We greatly missed her, but Georgia Fields latest release is 100% worth the wait.
Moving from school to school was a difficult reality for much of Georgia Fields’ childhood. Fields put it perfectly on her Instagram recently, describing her childhood friends and how fond she was of those memories that now seem so lost. Originally inspired by those experiences, the grief of childhood lost has now manifested into Fields “reaching out for… lost parts of [her] pre-motherhood-self” with her brand new single ‘Find Your Way Back’.
From her start in 2007 to her last release ‘Afloat, Adrift’ in 2017, we have seen Fields consistently bring out spectacular music and ‘Find Your Way Back’ follows that trend and brings even more to the table. This much-anticipated release shows a new and deeply personal side to Fields.
“‘Find Your Way Back’ had an interesting journey actually. I started writing it about hometowns – specifically, the fact that I don’t have one! And that curious feeling of wanting to return to the comfort of home, but not being able to, because that home doesn’t exist anymore (we moved a lot as kids),” she explains.
“But after my second baby was born in early 2019, I was hit by this huge wave of grief and longing for the pre-motherhood parts of myself. Obviously totally in love with this beautiful new baby, but simultaneously grieving my previous, pre-baby life! And that’s when I wrote the lyrics to the bridge: “it’s a map with no edge, a maze that’s all hedge / forever looking around the corner, over your shoulder”. In a way, ‘Find Your Way Back’ is me reconciling my childhood experiences with this new stage of my life, and wanting to work through that baggage… Through pop music!”
Fields really “wanted a backbone of kinetic group energy on this track”, so the drums and bass (played by Jules Pascoe from bands Jazz Party and Husky) were played live in the main room at The Aviary Studios. It certainly makes a difference to the sound as you’re immediately enticed by punching drums and zigzagging guitar lines provided by Joshua Teicher.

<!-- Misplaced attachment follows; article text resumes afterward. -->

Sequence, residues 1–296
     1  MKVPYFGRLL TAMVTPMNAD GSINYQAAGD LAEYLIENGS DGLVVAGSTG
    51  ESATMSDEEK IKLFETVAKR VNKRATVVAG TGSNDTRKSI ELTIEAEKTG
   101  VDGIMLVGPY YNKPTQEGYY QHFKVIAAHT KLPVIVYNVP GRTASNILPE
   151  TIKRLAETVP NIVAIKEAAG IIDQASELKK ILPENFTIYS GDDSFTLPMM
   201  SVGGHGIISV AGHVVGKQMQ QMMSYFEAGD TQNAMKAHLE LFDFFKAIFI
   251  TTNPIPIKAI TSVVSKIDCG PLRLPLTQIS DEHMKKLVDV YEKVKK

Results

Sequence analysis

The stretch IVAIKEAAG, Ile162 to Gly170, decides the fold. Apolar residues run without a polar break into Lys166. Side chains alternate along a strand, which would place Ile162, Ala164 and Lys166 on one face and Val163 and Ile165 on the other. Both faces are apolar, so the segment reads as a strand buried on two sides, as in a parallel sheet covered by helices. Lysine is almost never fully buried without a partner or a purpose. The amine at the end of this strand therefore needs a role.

Of course, the standout to me was the use of the Omnichord and the warm and electric coo of a vintage Wurlitzer. To top it off, Fields vocal agility and depth of tone are next level. She evokes so much emotion from her melodies and ‘Find Your Way Back’ turns that up to 11 with its intensity of vocal layering. Oh, and did I mention Fields got a big group of beautiful Melbourne-based female singers into the Aviary for a big backing vocal moment in the bridge. Too good.
As though overcoming intense grief for one’s past self, this track not only dares the listener to take on a new mission, but also evokes you to put “your brave face on.” Fields can connect so clearly with her audience from the first instant of unleashing her earthy and smooth tone – she has true power hidden in those vocal cords and she’s not afraid to use it. That there in itself is a real nod to the powerhouse Sharon Von Etten and the understated clarity of Metals-era Feist.
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Producer Joshua Barber, whose previous work you’ll recognise from the likes of Greta Ray, brings a real sense of journey to this track. It’s an adventure from start to end and has a running theme of yearning and longing throughout.
Excitingly, this is only the beginning from these two, with Fields forthcoming third album Hiraeth (pronounced “hee-raith”) currently in the works. As well as being a total badass sounding title, the meaning behind the name is it’s actually a welsh term with no exact English translation: a profound longing for a home you can’t return to, as it doesn’t exist anymore. Perfectly tying in this track’s sense of purpose and destiny.
As a self-described fan of being a “daggy mum-dancer,” ‘Find Your Way Back’ is the first taste of new music since 2017, in which time Fields has been busy parenting two small children through the pandemic, in lockdown, whilst trying to maintain an indie music career. Knowing she wasn’t the only musician-mother struggling with this, Fields also recently launched her newest project ‘Mother Lode’ earlier this year. Mother Lode is an online community and resource for musician mothers filled with practical answers to difficult questions for mums in the music biz – inclusive of queer, trans and gender-nonconforming parents as we love to see.
Mother Lode is described by Fields as a “place to share ideas, resources and upcoming opportunities; and the website hosts long-read interviews and articles.” This kind of space for other musician-mums has kept Fields head above water mental-health-wise, and it’s incredible to see a space where mothers can feel connected to community during such an isolating few years.
Georgia Fields is well and truly back. A crowd favourite at festivals such as St Kilda Fest, Queenscliff Music Festival, Apollo Bay Music Festival and plenty more, Victoria and beyond are more than ready for Fields return to the stage.
To keep up with upcoming gigs, add Georgia Fields website to your bookmarks and check out her new release below.